We don't like the idea of secret societies, Jewish or not. If you have something of value to offer the world, why not let everyone in on it? Perhaps it's so your members can feel like special elite people.
Be that as it may, based on our cursory viewing of their videos, we think maybe that Time magazine has been had by a Purim story about a "secret" Yale social club that mostly hosts barbecues and beach parties.
Yale's Secret Society That's Hiding in Plain Sight
By Adam Pitluk
On the storied ivy-laden, well-manicured grounds of Yale University in New Haven, Conn., something secretive is going on. Granted, this cradle of American intellectualism has long been the keeper of secrets. Since 1832, when the now infamous Skull and Bones society was formed, the best and brightest students of one of the best and brightest institutions in the world have shown that, if nothing else, they know how to keep mum.
In the shadows of Skull and Bones — an organization that boasts Presidents William Howard Taft, George H.W. Bush, George W. Bush and FedEx founder Frederick Smith as members — a secret society of a different stripe is flourishing as the modish club du jour. And this one was started by four men who 60 years ago would have been shunned by Bones.
Meet Eliezer, the secret Yale society that's hiding in plain sight. The "secret" lies in the private networking and intimate bonding among a cohesive, self-selecting, truly diverse membership. A list of who belongs to Eliezer exists, but the contents are strictly off the record. Everything is word of mouth and by invitation only, not to exclude but to include the most interesting Yalies from over the walls of Yale's various courtyards: college, graduate schools and faculty.
Founded in the fall of 1996 by Rabbi Shmully Hecht, Ben Karp, Cory Booker and Michael Alexander as an intellectual salon and Jewish leadership society, the group that started out as a social club for would-be and current leaders of the Yale community has blossomed into an organization recognized the world over, yet with a decidedly secular twist. "There was no question that Eliezer was a Jewish association," says New York Times critic at large Edward Rothstein, a member of the society, "but also no question that along with its elements of religious observance and allusion, the aura was nonsectarian intellectual."
As time passed, the club that was founded by three Jews (one of whom is half African American) and an African-American Baptist (Booker, who was a Yale law student then and is now the mayor of Newark, N.J.) to be a place that would serve as a traditional Shabbat table for the most interesting Jews on campus has morphed into shevet achim gam yachad, a place for brothers to dwell peacefully together. Brothers and sisters, that is. Bones may have become more inclusive over the centuries, but Eliezer began as such, and for good reason.
The society was originally founded as a thumb in the eye to Yale history: Jews, blacks, Muslims, women and gays had been prohibited from joining the traditional secret societies. This secret society, however, would include everyone, so long as you were a promising Yale-affiliated leader of tomorrow.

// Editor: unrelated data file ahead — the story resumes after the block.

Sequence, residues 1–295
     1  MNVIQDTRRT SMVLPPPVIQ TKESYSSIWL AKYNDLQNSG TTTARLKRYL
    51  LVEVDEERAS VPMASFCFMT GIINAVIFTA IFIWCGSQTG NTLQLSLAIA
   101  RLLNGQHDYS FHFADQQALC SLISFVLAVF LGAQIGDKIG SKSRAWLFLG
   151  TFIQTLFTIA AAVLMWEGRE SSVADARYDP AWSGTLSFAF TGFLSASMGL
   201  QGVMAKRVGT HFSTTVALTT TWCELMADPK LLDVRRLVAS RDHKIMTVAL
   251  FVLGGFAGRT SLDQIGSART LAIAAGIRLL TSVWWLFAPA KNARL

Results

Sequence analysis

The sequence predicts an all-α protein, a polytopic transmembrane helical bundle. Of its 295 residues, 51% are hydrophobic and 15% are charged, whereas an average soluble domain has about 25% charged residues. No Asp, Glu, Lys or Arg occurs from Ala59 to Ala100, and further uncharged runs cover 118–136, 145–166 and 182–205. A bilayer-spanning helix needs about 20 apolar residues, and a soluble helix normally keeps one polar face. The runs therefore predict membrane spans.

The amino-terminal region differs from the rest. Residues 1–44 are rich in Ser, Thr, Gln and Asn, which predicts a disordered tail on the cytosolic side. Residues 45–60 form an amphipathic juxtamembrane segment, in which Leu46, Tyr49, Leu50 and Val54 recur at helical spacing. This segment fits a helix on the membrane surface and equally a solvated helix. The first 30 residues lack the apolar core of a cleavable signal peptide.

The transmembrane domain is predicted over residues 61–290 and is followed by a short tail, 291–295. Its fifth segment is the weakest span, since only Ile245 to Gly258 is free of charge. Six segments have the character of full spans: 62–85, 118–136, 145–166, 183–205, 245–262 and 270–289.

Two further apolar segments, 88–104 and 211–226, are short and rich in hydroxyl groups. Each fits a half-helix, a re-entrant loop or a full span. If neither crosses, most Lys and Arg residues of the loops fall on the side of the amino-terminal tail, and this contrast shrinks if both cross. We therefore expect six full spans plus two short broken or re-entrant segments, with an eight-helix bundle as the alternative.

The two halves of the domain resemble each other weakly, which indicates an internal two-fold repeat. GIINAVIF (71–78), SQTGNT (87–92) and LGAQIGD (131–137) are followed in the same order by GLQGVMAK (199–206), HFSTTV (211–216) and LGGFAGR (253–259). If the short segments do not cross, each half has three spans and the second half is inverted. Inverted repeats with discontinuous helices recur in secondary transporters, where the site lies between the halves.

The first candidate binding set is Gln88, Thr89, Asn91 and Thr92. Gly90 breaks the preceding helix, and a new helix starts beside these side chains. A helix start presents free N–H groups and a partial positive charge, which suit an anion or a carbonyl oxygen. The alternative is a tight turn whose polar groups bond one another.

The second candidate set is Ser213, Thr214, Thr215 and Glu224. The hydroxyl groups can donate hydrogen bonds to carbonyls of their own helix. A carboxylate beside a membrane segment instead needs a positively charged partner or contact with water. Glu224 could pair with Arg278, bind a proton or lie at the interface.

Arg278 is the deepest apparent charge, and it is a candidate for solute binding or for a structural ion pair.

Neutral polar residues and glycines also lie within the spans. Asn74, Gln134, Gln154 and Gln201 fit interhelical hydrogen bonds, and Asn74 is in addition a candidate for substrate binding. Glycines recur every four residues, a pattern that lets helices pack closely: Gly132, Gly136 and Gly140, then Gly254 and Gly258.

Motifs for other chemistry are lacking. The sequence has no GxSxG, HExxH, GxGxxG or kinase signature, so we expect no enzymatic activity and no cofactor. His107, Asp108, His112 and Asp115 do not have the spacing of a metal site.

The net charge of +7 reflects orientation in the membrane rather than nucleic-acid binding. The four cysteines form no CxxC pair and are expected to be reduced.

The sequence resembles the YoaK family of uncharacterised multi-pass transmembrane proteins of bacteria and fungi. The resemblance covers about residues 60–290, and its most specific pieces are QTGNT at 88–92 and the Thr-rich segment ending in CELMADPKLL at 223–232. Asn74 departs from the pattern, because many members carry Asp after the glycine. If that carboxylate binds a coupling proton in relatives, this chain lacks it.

The meetings, which occur on Friday nights and have about 20 to 60 people in attendance, have attracted some of the most influential speakers in the world. The speakers aren't paid to appear, nor are they recorded, and no media are present. It's a truly free-flowing environment, and world leaders clear their schedules to attend Shabbat dinner. Past speakers have included former Israeli Prime Minister Ehud Barak, Senator Joe Lieberman, comedian Charles Grodin, actor Elliott Gould, Muslim activists Tarek Fatah and Mona Eltahawy, Chief Justice of Israel Aharon Barak, Nation columnist Eric Alterman and talk-show host Jerry Springer. (See the 10 best college presidents.)
"One of the things that ought to happen at a university is that kids who come from a religious background can make that background grow when they are here," says Yale law professor and judge of the 2nd Circuit Court of Appeals Guido Calabresi, a Catholic descended from one of the oldest Jewish families of Italy, who spoke to Eliezer recently. "They bring with them a knowledge and an attitude to their religious background that is high school. When they come to college, in their fields — physics, history, mathematics — they expand enormously to another level. It is equally important that their spiritual backgrounds expand as well. And that only happens if there are spiritual organizations on campus. Eliezer fills that role in a way that is truly remarkable."
The order began in the Taft Apartments, directly across from "Old Campus," and in 1997 moved to its own brownstone on Crown Street (now in the center of the ever expanding footprint of Yale's campus); it subsequently acquired three adjacent properties. But there are no addresses on the buildings. About 10 students are nominated and tapped annually by the members and founders Hecht, who owns one of the largest real estate groups in Connecticut, and Karp, who is now teaching African-American history and writing a book on W.E.B. Du Bois. The conversation to expand Eliezer to Harvard, Columbia and Princeton has begun — then onward to the rest of the country.
"Eliezer is much more than a club at Yale," says Harvard law professor Alan Dershowitz, who is writing the foreword to a book about the society. "It is a global network of activists who care deeply about the Jewish people and about the world."